As Villanova prepares to return home to play the Saint Joseph’s Hawks in a Big 5 rivalry game, the Wildcats are also dealing with another opponent that’s been plaguing them the last couple of weeks: a virus that is impacting the team.
Head coach Jay Wright has not disclosed the identity of the virus or who has it, but noted that three players will be a game-day decision for Saturday’s matinee matchup with the Hawks.
“We’ve been dealing with a virus since the Purdue game — different guys have been in and out,” Wright said. “We have a couple of guys that are questionable here. We’ve got them all isolated. It’s not COVID, it’s just another virus that’s been running through our team.
As for the three players that are dealing with it, Wright offered some insight into their current situations.
“Couple of them haven’t been able to practice, we don’t know, we might through them minutes to see how they feel,” Wright said. “One of them could be totally out. We’re all over the place, to be honest, but I don’t want to give anything away in case a guy ends up being able to play or is sick. By some time tomorrow, we’ll make a decision.”
The ‘Cats are playing it totally safe.
“It’s unbelievable how we just went back into COVID mode,” Wright said. “It’s not as dangerous, and we know what the virus is. It’s not the flu and it’s not COVID, so we know people aren’t in danger if they get it and we don’t have to be as frightened. We’re handling it like it’s COVID and trying to stop it. I think if this was in the past, you wouldn’t know how to stop it on your team. Now we have everyone wearing masks, quarantined in rooms, we would have never thought of this in the past.”
It hasn’t dampened the mood though for Saturday’s rivalry game. The Wildcats have won each of the last nine meetings.
“It’s history,” Wright said. “And the great history for the Big 5 and all the legends that have played and coached in it. Just coming out of the Palestra, you saw them all, Jack Ramsey, every Villanova coach — Al Severance, Jack Kraft, Rollie Massimino, Steve Lappas, everybody’s been in it. You look at all the St. Joe’s coaches, they’ve been in it. It’s something we all share and have been in these games, and that’s the great history of it.”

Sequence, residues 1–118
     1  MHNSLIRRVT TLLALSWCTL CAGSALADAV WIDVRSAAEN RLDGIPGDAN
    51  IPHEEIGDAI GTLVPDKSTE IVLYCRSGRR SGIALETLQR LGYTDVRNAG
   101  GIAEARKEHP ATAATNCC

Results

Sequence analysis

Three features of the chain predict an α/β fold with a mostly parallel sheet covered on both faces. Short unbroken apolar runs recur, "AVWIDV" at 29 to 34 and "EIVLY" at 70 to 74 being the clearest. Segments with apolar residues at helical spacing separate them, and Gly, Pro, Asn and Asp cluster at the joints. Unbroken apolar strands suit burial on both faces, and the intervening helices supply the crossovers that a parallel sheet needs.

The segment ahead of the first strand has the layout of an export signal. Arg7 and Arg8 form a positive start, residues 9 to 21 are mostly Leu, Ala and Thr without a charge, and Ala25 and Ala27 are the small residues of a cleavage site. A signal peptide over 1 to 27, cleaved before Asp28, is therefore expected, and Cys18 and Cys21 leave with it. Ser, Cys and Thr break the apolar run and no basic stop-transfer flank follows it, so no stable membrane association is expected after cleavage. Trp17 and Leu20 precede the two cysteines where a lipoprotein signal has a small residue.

Mikal Bridges love
The Suns enjoyed a no-loss November, and throughout Phoenix’s 18-game winning streak, Mikal Bridges has continued to play well for the Suns.
“I’m so proud to talk about him,” Wright said of Bridges. “I sound like a whiny parent — and I know everyone in Phoenix appreciates him. Jerry Colangelo is a good friend of mine, and he always talks about him, and their staff speak so highly of him, so that’s what’s most important — but it just amazes me when you watch NBA TV shows and they don’t talk about him as defensive player of the year or stuff like that. We always try to stay away from that kind of stuff, so I’ll keep my mouth shut, but he’s so valuable to winning. I don’t know if there’s anyone who did more for winning and probably got less credit, but he doesn’t care. He just loves to win.”
While Bridges came to Villanova a bit undersized and needed to put on weight during his redshirt year, Wright knew that the ceiling was high for him then after what he had seen behind the scenes in the weight room and in the practice gym.
“We all knew in his redshirt year,” Wright said. “It took him some time to develop, but when you saw that competitiveness, that length, that toughness, and that confidence, you knew he had something special. ... I think (the Suns) know the flexibility he gives them. If they need him to score more, he can score. If they need him to be creative, he’ll be creative. If they need him to just defend and rebound, he’ll do that, and I think they understand the value of his unselfishness and talent.
Bryan Antoine update
He sustained a patella tendon injury in October that was originally expected to take six weeks to recover from, but there are even further delays.
“Bryan still seems still a ways away from getting back,” Wright said. “We’re bringing him back gradually. He’s doing some shooting right now, but I think he’s still — I don’t know, but weeks away — from getting back to practice. The good thing is, he knows what we’re doing now. In the past, he would come on the court and start practice, but he hadn’t done anything. At least he’s played now, so he knows what we’re doing.”